restart: always
          - SYS_NICE
          - MYSQL_DATABASE=quotes
          - MYSQL_USER=user01
          - MYSQL_PASSWORD=MyPassword1!
          - MYSQL_ROOT_PASSWORD=MyPassword1!
          - mysql-data:/var/lib/mysql
          - 5012:3306
        image: phpmyadmin:5.2.0
        container_name: PhpMyAdmin
        restart: always
          - 5013:80
          - PMA_ARBITRARY=1

I was able to connect to MySQL using phpMyAdmin with ease.

Docker GUI Interface - Portainer
Portainer is popular GUI application that is used to interact with and manage Docker. It uses a browser as its GUI front-end which allows local and remote users to interact with it. It has different modes that you can use to connect with your Docker environment. It comes in two editions: Community and Business. The Community Edition is free, and the Business Edition, while paid and requires a license key to install it, has more features like role-based access control.

Deploying Portainer
Below is the YAML file that I used to deploy Portainer:

  # docker-compose.yml 
  version: '3.9'
      image: portainer/portainer-ce:latest
      container_name: portainer
      restart: unless-stopped
        - no-new-privileges:true
        - /etc/localtime:/etc/localtime:ro
        - /var/run/docker.sock:/var/run/docker.sock:ro
        - ./portainer-data:/data
        - 9000:9000

I powered up the container with the docker-compose up command by entering:

docker-compose -f docker-composer.yml up -d

I then entered in my browser and logged in to Portainer.

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I configured it to use my Docker host machine.

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From the GUI, I could see and manage which containers were running.

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I could also find which Docker Compose stacks were running.

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I was likewise able to verify information and manage my images, networks, volumes and so on.

To make changes to a multi-tiered application without the use of Docker would be a multi-step process that would involve setting up multiple physical or virtual machines (VMs) and installing an OS along with the applications on it. By using Docker containers, on the other hand, the process only involves running a couple different commands. With Docker Compose, the environment can be set up executing a single command. Furthermore, a single YAML file can be copied to other environments in other locations and executed to make the exact same environment. This can be used to move a test or development environment to production, deploy additional production environments or to scale out an application.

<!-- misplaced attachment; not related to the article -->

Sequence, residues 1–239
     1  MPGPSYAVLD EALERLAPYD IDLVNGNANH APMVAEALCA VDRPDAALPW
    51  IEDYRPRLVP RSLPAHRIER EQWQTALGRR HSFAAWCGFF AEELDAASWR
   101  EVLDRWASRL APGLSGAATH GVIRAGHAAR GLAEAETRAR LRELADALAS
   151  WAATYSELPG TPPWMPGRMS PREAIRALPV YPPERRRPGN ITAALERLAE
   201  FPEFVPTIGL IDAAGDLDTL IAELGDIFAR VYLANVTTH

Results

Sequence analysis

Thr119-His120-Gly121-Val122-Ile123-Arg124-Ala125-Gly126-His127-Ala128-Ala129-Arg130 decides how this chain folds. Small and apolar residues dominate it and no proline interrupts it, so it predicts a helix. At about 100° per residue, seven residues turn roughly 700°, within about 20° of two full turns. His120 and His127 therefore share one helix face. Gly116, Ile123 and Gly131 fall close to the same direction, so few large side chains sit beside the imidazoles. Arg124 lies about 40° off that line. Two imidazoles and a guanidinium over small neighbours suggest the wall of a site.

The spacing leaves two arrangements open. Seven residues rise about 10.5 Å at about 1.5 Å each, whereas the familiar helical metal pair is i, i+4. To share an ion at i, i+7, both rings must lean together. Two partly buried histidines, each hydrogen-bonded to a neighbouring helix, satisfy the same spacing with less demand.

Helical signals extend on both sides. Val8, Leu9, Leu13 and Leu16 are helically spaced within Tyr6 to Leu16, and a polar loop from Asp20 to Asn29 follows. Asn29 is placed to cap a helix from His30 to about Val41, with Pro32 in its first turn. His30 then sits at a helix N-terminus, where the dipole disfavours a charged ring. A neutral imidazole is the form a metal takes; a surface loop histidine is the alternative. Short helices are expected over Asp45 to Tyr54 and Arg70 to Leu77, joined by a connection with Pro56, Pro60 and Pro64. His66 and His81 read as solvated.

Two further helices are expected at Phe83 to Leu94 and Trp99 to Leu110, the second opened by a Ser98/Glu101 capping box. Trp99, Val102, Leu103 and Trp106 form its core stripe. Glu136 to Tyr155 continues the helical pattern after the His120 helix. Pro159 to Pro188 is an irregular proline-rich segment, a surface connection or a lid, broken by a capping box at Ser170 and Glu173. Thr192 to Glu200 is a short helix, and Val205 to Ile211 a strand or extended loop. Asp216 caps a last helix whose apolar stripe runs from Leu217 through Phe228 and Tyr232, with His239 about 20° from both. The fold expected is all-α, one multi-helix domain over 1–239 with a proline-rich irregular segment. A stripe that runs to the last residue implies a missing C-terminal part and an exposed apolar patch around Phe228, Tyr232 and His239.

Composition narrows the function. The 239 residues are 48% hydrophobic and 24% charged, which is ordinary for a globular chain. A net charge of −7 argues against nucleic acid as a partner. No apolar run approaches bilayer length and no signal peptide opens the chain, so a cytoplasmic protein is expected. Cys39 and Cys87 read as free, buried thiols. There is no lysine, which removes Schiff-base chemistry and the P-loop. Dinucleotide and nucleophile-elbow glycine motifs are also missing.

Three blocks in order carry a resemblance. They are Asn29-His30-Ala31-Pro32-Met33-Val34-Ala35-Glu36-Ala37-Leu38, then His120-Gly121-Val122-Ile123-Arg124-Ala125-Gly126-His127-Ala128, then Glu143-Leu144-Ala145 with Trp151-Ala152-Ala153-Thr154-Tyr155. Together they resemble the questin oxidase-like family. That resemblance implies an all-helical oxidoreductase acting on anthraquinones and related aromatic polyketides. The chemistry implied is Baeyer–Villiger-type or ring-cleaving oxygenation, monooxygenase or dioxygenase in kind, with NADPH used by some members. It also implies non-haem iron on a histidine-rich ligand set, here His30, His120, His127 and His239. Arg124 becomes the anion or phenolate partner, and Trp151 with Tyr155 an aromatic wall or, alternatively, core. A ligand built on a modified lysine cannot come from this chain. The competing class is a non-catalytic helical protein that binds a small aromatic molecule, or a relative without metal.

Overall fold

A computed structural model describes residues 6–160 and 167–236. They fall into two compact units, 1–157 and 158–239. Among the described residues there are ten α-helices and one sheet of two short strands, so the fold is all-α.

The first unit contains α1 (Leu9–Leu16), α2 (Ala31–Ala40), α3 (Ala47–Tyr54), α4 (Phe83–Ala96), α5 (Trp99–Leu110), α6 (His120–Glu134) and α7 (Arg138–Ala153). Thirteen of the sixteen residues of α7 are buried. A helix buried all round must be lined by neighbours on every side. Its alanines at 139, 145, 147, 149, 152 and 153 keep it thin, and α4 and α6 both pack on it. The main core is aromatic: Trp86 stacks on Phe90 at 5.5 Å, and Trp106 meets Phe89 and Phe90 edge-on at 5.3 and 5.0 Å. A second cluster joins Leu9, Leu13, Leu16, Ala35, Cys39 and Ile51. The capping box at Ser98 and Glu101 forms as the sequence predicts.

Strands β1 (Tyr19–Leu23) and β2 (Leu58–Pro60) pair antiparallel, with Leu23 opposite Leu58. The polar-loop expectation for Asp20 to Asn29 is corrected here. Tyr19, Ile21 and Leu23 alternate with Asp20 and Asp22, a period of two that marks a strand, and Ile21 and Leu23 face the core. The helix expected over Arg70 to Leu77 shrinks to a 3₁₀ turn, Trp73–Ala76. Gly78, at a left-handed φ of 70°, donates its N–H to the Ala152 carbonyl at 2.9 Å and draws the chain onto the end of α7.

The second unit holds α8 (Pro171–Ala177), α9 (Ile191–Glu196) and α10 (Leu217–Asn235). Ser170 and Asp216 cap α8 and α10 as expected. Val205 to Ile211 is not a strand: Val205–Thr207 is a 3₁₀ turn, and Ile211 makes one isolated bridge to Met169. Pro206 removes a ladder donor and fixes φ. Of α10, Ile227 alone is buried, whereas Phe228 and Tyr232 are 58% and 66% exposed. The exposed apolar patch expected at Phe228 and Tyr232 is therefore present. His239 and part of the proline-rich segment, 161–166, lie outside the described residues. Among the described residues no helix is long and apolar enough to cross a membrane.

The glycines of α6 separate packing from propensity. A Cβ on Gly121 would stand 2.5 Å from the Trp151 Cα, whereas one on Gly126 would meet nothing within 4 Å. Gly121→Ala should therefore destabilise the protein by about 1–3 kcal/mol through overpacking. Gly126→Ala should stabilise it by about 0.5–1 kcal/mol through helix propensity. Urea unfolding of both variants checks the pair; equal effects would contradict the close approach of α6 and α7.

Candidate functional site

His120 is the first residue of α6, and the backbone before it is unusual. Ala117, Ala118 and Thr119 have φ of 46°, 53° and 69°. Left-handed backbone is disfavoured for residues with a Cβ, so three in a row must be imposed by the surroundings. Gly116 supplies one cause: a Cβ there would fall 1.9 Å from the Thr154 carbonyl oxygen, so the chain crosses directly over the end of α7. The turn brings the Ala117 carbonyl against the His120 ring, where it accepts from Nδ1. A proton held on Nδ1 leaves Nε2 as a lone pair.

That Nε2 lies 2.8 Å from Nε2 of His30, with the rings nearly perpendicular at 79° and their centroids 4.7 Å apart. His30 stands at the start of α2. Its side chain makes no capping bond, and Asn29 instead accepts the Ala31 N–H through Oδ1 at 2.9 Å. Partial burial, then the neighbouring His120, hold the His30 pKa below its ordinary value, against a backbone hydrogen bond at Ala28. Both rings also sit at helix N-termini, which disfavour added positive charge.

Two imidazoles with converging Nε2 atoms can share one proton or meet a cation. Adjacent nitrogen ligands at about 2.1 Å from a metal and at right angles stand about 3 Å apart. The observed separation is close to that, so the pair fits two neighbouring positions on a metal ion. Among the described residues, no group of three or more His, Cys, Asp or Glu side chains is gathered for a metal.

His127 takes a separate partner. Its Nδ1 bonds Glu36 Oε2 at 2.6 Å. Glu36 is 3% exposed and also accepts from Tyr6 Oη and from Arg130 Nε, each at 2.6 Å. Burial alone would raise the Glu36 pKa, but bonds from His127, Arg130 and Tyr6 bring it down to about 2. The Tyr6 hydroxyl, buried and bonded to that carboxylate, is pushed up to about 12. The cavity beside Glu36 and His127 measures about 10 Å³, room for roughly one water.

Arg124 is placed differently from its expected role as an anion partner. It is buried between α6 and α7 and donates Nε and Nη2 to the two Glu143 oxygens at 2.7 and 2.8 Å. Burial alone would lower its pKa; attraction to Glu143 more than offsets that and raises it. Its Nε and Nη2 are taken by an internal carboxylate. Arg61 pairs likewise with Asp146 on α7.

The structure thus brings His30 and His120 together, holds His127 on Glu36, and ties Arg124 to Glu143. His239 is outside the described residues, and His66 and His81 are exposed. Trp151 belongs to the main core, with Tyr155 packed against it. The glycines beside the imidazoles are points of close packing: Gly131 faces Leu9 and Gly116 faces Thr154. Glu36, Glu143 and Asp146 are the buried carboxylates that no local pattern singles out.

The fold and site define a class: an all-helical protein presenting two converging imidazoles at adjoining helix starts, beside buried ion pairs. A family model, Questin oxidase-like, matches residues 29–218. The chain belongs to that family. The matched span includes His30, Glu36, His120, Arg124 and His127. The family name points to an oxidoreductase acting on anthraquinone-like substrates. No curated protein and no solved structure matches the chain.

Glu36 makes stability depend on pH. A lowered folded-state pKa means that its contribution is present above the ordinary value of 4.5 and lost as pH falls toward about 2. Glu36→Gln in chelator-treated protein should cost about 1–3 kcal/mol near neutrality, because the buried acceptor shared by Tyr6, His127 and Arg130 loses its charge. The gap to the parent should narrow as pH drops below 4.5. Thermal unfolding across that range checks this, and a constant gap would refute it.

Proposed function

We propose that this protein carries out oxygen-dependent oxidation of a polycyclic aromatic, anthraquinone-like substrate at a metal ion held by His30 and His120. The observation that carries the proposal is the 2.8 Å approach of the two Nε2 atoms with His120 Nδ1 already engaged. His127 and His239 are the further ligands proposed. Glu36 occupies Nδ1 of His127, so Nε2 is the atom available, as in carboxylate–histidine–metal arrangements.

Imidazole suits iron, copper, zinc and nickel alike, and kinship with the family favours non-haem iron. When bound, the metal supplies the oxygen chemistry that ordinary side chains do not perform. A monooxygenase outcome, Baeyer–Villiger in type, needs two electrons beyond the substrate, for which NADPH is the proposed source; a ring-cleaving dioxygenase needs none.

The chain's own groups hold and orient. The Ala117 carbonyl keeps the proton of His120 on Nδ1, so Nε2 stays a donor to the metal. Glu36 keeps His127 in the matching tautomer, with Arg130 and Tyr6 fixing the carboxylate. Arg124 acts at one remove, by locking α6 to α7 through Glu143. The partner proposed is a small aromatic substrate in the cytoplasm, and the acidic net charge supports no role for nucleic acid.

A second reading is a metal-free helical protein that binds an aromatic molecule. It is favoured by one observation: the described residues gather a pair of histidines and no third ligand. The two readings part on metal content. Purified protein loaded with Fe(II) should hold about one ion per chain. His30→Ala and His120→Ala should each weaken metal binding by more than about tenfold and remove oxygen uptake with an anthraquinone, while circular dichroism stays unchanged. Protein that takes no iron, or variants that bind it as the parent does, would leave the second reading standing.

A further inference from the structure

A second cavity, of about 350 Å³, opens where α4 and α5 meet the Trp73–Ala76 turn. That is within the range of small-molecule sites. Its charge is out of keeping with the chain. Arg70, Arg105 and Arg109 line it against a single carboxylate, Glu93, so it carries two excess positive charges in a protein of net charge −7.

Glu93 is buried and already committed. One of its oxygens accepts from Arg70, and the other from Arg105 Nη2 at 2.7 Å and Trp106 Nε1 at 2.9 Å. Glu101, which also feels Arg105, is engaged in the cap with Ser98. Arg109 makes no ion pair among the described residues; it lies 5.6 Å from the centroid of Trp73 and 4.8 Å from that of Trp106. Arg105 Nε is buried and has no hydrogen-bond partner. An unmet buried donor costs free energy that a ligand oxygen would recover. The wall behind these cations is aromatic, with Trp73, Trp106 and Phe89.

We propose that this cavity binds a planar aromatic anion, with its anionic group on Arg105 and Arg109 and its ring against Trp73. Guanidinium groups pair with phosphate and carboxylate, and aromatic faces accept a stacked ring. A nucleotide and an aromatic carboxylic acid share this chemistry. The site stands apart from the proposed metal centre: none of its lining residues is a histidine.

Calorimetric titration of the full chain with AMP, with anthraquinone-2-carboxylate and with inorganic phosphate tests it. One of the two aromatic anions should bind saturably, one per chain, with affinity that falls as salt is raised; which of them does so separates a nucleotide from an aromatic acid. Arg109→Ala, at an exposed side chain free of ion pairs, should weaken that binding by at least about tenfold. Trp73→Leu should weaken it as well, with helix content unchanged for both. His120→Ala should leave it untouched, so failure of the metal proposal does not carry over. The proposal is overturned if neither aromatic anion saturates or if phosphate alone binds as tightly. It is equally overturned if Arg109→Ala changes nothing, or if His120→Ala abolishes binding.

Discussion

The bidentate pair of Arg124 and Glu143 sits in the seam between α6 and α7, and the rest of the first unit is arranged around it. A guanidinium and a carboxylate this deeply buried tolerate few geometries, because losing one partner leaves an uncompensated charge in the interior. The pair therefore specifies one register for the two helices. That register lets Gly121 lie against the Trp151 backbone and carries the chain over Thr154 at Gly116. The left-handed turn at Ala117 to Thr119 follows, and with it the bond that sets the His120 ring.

Over this series of articles, I have walked you through the basics of deploying single and multi-tiered applications using Docker Compose, as well as showed you how to install GUI-based management tools for PostgreSQL and Docker. It is easy to see why Docker has become an integral tool in main production, testing, and development environments. If you have yet to work with it, I strongly suggest that you do so.

About the Author

Tom Fenton has a wealth of hands-on IT experience gained over the past 30 years in a variety of technologies, with the past 20 years focusing on virtualization and storage. He previously worked as a Technical Marketing Manager for ControlUp. He also previously worked at VMware in Staff and Senior level positions. He has also worked as a Senior Validation Engineer with The Taneja Group, where he headed the Validation Service Lab and was instrumental in starting up its vSphere Virtual Volumes practice. He's on X @vDoppler.